All around the Ithaca College campus, disposable masks are flattened to the ground, soggy with rain; wrappers are tangled in bushes and plastic cups lay tipped on their sides, attracting insects. As the fall semester at the college progresses, students, staff and faculty have expressed their concerns about the increased amount of trash strewn across campus.
Some students have noticed that certain areas of the campus have more trash than others. One of the areas is the outside of the Campus Center, where some students choose to eat or spend time on the quad. A primary source of concern is the number of disposable face masks and coverings that have been left on the ground on campus. The college requires all members of the campus community to wear a face covering when indoors, but vaccinated individuals do not have to wear a mask when outdoors.
Tim Carey, associate vice president of the Office of Facilities, said he was concerned about the increased amount of trash.
“To this point of the semester, there has been a discernible increase in the amount of litter on campus when juxtaposed to previous years,” Carey said via email. “It is obvious that the most prevalent form of litter is the number of face coverings that can be found scattered across the campus grounds on a daily basis.”
He said the Grounds team, which is responsible for maintaining and enhancing the area of the ground of the central campus and off-campus location, is doing its best to address this issue by focusing on litter pickup on Monday and Friday mornings, because it is a time-consuming task that simply cannot be executed every day of the week.
Carey said in order to make things easier for the Grounds team, a few temporary trash totes have been placed in some areas outdoors where abundant numbers of masks were found piled on the ground.
“The campus has never experienced a situation in which litter has been strewn at the rate we are seeing,” he said via email. “As the semester continues, we are hopeful that all members of the college community will recognize the important role they play in helping to keep our campus clean and litter-free.”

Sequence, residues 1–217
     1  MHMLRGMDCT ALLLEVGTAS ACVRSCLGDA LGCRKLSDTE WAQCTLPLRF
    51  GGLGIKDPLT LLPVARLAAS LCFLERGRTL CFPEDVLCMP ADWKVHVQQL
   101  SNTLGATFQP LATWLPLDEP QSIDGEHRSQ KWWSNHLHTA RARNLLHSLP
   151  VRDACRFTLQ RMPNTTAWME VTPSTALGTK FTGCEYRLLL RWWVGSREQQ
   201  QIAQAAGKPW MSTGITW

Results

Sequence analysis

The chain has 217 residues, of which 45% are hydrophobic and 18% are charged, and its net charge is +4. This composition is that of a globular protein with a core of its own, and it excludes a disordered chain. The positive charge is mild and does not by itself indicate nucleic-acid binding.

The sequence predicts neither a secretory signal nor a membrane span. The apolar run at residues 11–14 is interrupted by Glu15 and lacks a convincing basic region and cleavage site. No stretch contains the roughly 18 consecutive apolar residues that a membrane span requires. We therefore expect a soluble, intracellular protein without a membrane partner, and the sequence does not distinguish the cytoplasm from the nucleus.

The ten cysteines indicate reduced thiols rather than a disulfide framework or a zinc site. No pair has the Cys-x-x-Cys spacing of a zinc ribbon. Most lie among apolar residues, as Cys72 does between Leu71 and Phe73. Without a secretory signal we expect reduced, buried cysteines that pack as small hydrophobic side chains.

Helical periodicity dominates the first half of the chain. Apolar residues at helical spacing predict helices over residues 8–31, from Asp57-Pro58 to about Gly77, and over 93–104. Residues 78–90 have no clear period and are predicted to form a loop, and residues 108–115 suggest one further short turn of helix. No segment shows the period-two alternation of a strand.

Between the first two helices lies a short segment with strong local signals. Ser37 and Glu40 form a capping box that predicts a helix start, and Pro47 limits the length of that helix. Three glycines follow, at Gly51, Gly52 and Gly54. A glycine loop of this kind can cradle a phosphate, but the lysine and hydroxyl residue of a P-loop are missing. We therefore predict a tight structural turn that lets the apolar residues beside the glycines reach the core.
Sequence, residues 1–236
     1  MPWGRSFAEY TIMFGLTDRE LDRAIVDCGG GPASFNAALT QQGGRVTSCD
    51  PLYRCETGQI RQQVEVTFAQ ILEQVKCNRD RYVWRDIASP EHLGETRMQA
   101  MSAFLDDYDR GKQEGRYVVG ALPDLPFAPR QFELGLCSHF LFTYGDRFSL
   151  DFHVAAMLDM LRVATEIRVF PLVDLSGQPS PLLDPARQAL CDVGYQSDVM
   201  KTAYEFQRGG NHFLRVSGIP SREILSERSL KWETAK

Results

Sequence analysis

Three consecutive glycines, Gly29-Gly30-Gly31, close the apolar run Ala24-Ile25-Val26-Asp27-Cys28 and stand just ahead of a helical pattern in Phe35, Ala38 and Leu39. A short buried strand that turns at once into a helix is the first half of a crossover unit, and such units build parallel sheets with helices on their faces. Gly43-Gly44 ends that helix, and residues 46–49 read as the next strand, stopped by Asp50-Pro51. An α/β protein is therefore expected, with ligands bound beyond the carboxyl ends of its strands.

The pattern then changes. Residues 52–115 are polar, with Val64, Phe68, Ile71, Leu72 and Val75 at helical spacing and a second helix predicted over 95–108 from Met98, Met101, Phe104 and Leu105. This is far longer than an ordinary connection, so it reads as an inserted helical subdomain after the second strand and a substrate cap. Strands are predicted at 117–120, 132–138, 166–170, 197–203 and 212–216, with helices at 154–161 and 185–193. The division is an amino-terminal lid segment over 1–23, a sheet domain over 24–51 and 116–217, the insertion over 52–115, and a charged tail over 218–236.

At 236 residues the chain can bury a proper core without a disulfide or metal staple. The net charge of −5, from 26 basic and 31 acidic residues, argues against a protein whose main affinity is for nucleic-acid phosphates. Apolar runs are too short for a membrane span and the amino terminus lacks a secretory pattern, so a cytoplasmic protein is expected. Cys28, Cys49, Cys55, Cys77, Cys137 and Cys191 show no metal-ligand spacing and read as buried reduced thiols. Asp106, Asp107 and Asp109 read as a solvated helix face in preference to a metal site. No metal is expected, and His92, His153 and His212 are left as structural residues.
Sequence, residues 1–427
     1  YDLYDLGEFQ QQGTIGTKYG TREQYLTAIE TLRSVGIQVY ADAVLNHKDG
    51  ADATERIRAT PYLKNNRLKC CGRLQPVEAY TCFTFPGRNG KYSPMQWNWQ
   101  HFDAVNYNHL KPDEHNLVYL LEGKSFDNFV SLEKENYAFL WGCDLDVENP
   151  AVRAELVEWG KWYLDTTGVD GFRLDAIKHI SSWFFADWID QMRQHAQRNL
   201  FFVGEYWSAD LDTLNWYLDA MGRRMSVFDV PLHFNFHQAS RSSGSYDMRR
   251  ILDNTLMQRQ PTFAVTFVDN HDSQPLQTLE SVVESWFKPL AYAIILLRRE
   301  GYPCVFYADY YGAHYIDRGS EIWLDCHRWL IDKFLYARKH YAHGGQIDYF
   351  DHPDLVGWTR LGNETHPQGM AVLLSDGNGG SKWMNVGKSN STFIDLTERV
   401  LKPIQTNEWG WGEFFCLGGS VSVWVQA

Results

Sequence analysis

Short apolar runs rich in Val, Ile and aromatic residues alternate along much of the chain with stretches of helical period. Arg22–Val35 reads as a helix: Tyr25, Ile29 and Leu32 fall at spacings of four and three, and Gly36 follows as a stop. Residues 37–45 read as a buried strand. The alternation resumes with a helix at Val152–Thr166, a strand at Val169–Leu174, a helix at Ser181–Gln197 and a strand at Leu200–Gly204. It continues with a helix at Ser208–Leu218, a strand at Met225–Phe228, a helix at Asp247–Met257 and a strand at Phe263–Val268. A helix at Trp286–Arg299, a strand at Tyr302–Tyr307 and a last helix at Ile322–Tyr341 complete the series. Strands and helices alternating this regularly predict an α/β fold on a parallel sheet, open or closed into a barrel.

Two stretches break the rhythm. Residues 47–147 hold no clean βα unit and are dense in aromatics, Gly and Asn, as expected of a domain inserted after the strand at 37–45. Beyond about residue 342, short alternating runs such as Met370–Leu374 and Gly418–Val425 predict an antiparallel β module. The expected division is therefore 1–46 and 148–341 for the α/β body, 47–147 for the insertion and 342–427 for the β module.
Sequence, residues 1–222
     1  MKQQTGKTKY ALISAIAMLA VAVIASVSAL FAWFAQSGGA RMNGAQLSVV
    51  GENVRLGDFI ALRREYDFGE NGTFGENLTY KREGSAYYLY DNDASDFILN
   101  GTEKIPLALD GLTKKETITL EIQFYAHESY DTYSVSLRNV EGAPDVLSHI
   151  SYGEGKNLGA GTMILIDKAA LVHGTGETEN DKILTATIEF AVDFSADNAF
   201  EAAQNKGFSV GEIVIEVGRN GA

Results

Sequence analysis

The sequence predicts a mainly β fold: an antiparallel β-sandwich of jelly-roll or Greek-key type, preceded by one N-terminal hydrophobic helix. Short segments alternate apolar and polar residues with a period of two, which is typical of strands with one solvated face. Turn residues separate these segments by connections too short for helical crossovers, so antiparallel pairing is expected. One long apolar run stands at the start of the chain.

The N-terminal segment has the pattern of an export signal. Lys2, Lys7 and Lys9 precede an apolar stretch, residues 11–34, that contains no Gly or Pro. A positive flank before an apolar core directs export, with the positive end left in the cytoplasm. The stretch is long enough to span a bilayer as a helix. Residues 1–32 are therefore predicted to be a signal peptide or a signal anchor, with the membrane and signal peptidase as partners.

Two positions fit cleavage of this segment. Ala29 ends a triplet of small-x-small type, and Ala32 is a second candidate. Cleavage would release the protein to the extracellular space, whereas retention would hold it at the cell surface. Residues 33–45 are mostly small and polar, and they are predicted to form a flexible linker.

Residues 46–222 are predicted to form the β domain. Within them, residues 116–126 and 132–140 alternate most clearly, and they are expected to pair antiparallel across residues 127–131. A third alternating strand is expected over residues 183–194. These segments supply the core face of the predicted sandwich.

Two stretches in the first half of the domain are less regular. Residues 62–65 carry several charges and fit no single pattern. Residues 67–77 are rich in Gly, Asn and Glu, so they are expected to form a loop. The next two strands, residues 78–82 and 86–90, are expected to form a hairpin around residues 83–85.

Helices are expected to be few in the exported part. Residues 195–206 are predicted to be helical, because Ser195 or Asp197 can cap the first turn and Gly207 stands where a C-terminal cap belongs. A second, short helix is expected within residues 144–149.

Freshman Devon Jezek said one of the reasons she came to the college is because she was told that it was a green school. Jezek said she is surprised by how much trash has been accumulated in the span of a semester.
“The school should communicate the importance of recycling,” Jezek said. “ We should work more as a community because maintenance is lacking [staff].”
The college has been experiencing understaffing issues during the fall semester in many different departments and offices as a result of the national labor shortage.
According to the Princeton Review, the college was named as one of the most environmentally sustainable colleges. The guide featured 416 schools, which were selected based on a survey of administrators at 695 colleges.The administrators were asked about their institution’s sustainability-related policies, practices and programs. The college was given a Green Rating of 98/99, with the guide citing the college’s sustainability initiatives and a Gold Star rating from the Association for the Advancement of Sustainability in Higher Education (AASHE).
Sophomore Angela Russell, project coordinator for Eco Reps, said the excessive trash on campus is concerning and she hopes that the campus is taking more steps towards zero waste. Eco Reps is a student organization that is employed by the Office of Energy, Management and Sustainability that seeks to educate, empower and engage students, faculty and staff at the college. Eco Reps aims to teach students about the importance of recycling and about issues with climate change.
Eco Reps has created Take It Or Leave It (TIOLI). TIOLI is a resource for students to donate or shop for dorm essentials, school supplies and other common college student needs and is located in the basement of Clark Hall.
In 2019, the campus store began phasing out its usage of plastic bags, after former New York Gov. Andrew Cuomo signed a law banning plastic bags from the state.
In 2018, the college stopped purchasing plastic, single-use straws for its on-campus retail locations, replacing them with compostable ones.
“Eco Reps has consistently been leading conversations with the administration about making IC a more eco-friendly campus,” Russell said via email. “Students can help by simply participating in any way they can. If you live in Circles [Apartments] or Gardens [Apartments], composting is easy and accessible. Students can also help through just simple education and curiosity. There are a lot of people who don’t know how to recycle … and that’s a simple first step towards sustainability.”
Sophomore Keenan Griebel said it is ironic that the college is a green campus when there is a lack of recycling at the college. Griebel noted the use of single-use plastic utensils in the dining halls.
“Even though there’s trash everywhere, everyone is collectively ignoring it,” Griebel said. “Ithaca is a beautiful place and we live on a beautiful campus, and it’s sad to see it be so mistreated.”